It’s this question we set out to answer with our fifth session of the day, focused on ways to accelerate digital transformation by leaning on partners.

Session 5: Effective Transformation: Working Together to Realize Competitive Advantage

Presenters: Amy Copeland, Director Global Data and Tech EMEA, Google + Michael Loban, Chief Growth Officer, InfoTrust

Amy started the session explaining how digital marketing transformation at enterprises is too often slow and prone to failure, with 65 percent of digital transformations currently not on track to achieve their objectives and 83 percent of digital and analytics transformations failing to ultimately ever achieve their objectives. One of the main reasons for this are integration challenges, with 88 percent of leaders citing this as a factor in slowing transformation. To overcome this challenge, a main area of focus needs to be multi-partner orchestration. Multi-partner orchestration is a marketer’s ability to manage more than one marketing service provider to activate a digital transformation roadmap. Amy then shared seven different commitments a client organization can make to be more effective in managing multiple providers and how those commitments will lead to success. 

Following Amy’s overview, Michael then joined for a Q&A to further explore examples of organizations that have done this well, as well as common reasons for failure and how to overcome them.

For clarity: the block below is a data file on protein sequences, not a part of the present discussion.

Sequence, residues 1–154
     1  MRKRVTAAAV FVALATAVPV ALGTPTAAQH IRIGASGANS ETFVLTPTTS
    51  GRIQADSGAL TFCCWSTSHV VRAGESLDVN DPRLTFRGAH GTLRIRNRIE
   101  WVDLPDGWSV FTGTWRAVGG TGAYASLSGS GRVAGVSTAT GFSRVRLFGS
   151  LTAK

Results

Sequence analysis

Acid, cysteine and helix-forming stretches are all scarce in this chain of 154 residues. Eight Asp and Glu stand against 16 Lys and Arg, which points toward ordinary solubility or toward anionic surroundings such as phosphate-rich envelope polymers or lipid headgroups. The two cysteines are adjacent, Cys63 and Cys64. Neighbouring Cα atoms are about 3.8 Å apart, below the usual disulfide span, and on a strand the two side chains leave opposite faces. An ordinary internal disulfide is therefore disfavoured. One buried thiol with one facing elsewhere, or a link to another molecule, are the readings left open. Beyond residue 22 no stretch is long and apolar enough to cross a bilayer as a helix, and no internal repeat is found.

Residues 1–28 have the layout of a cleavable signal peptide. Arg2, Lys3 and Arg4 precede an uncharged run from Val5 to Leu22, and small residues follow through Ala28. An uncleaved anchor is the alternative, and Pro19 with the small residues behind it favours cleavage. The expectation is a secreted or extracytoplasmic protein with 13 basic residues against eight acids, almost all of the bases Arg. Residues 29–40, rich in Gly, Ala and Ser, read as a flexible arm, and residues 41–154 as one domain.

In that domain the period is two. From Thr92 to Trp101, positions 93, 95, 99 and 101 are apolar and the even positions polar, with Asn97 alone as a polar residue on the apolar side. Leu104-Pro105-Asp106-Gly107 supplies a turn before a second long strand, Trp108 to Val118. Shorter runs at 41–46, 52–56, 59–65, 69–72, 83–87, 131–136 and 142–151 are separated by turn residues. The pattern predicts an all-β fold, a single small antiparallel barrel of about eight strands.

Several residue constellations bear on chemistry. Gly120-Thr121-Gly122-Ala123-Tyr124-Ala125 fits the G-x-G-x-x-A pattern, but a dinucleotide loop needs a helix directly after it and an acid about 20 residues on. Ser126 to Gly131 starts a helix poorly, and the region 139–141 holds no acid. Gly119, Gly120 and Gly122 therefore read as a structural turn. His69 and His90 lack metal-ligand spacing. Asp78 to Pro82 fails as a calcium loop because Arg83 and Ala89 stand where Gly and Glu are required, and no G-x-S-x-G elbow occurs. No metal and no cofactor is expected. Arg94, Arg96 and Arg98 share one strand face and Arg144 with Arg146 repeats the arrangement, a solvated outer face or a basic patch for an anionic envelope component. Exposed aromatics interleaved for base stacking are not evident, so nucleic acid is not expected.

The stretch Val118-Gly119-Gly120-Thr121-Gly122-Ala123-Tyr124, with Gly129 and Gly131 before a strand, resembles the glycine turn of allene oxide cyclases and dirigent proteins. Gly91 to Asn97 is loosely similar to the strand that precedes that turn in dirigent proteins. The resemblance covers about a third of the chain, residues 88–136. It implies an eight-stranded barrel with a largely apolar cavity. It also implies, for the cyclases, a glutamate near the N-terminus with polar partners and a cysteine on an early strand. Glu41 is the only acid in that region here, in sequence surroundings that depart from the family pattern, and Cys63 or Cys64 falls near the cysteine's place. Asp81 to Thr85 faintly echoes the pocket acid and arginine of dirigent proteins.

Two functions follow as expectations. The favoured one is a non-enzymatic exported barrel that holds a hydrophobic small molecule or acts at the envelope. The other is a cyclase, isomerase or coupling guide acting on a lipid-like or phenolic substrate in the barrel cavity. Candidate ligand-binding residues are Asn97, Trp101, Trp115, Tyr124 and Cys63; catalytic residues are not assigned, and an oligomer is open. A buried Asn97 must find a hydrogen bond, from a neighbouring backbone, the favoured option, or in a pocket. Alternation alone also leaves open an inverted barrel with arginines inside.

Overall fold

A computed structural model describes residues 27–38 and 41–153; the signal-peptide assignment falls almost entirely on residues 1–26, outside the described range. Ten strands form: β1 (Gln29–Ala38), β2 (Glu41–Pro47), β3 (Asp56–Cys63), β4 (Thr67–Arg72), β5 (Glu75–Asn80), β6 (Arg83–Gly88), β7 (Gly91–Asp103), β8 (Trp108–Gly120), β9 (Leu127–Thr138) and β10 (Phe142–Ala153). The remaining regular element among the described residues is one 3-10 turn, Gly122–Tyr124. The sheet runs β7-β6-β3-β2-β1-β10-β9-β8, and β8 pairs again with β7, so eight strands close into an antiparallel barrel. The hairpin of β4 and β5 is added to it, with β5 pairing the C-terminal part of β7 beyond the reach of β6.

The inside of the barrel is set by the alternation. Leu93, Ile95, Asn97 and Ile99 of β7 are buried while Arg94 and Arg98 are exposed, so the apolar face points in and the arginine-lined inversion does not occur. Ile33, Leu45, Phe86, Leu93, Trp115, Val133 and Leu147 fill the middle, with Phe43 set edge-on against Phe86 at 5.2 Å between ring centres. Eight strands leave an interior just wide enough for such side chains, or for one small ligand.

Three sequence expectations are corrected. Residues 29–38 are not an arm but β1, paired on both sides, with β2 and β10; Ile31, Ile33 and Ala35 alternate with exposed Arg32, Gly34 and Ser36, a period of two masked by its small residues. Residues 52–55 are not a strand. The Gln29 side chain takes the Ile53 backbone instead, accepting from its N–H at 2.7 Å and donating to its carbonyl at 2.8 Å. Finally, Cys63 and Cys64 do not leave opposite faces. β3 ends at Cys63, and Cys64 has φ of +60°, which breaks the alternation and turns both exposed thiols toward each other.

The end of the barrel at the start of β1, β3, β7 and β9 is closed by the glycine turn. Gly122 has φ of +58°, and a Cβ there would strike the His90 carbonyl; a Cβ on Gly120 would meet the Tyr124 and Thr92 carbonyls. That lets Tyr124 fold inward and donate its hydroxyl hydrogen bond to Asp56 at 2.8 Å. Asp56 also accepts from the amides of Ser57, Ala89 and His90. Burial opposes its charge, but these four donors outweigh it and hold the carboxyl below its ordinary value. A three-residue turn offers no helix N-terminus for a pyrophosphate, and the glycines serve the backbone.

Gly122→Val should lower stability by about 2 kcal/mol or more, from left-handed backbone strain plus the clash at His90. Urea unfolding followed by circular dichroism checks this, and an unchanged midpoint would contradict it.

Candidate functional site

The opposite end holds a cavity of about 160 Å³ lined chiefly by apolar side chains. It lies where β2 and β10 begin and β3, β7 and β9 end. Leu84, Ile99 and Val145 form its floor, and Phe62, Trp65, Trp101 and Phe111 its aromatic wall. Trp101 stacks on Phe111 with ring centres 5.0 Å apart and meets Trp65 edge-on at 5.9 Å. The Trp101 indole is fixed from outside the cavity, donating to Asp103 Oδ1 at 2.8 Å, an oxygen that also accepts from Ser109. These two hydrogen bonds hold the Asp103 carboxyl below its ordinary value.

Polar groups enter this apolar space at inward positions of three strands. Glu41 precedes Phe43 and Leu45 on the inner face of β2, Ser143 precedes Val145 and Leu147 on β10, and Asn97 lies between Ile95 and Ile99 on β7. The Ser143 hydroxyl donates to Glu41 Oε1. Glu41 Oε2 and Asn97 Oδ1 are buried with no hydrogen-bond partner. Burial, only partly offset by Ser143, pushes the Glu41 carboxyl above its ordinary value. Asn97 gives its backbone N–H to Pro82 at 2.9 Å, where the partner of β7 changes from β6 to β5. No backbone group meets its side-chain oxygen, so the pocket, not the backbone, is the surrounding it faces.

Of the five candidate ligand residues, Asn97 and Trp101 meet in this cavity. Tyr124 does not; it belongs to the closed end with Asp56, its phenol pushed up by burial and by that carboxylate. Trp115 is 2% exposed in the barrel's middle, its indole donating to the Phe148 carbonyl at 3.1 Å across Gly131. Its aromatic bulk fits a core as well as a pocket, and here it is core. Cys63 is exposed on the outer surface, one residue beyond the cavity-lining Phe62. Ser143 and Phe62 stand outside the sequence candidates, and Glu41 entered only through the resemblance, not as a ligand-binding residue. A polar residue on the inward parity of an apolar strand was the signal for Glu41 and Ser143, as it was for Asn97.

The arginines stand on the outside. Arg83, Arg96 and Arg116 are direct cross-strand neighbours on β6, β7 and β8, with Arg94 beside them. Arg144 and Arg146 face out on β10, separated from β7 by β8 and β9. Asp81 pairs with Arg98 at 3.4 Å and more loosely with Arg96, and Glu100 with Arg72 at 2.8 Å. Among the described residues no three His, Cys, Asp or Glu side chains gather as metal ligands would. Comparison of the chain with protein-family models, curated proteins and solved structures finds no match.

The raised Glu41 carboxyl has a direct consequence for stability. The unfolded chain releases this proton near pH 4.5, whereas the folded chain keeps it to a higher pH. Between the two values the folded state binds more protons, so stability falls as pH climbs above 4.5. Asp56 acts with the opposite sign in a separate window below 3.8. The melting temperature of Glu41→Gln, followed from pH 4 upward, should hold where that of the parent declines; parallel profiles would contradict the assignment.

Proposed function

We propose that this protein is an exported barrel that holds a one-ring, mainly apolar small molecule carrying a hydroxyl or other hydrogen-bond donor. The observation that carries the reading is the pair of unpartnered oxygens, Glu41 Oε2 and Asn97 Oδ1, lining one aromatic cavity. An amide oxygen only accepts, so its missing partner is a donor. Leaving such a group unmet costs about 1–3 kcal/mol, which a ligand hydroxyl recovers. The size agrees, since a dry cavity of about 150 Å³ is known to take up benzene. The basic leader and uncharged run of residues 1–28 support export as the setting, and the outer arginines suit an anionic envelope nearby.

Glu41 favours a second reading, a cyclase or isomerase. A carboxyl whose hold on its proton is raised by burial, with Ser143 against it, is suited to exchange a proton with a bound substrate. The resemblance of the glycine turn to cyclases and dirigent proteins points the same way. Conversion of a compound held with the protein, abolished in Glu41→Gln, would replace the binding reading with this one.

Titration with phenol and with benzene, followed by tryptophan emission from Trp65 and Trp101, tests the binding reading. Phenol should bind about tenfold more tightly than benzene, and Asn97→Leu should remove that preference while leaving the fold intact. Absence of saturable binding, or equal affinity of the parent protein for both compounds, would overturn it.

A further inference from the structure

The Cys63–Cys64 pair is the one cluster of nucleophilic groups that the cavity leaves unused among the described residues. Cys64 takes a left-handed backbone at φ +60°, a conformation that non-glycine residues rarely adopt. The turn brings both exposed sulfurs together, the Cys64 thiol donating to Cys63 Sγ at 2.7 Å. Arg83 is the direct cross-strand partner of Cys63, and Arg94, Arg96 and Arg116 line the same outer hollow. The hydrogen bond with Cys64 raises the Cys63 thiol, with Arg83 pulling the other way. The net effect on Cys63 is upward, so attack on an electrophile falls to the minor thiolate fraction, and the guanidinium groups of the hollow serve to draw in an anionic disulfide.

The discussion of multi-partner orchestration brings us back to the topic of people. How do you work together across people teams in order to realize successful privacy-centric transformation? This is a shift from the past 10-15 years of digital advertising where the focus has really moved to platforms and technology. How best to organize people and processes within the enterprise was the focus of our sixth and final session of the day.

Session 6: Preparing Your Organization for the Privacy-Centric Reality

Presenters: Shaafi Khokhar, Global Operations Director Media & Engagement Platforms, Haleon + Lucas Long, Director of Privacy Strategy, Tag Inspector

In this session, Shaafi and Lucas discussed various foundational initiatives and how Shaafi and the Haleon team successfully completed each in their privacy-centric transformation journey. This started with the implementation and refinement of the consent architecture across all global websites. Insights for how to get global buy-in and how to communicate business impacts to be expected were shared. Other initiatives such as aligning marketing data taxonomies to enable integration and analysis, running test and learn processes, and beginning to implement server-side data distribution were also explained. 

A central theme to the discussion was the need for cross-functional alignment and collaboration. Shaafi discussed how they use a formal governance council to evaluate business challenges and proposed solutions from perspectives of all relevant stakeholders and then efficiently execute with assigned ownership. 

Execution, the all important concept, is how we ended the day. Throughout the Summit many potential strategies were shared, frameworks and examples for how to test and scale, and recommendations for how to structure teams were outlined. We covered the people, processes, and platforms that can be cornerstones of a successful transformation. Now it is up to you and your organization to execute and become a privacy-centric marketing organization.

Need help in your development and execution of a privacy-centric marketing roadmap?

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Originally Published: March 16, 2023
March 16, 2023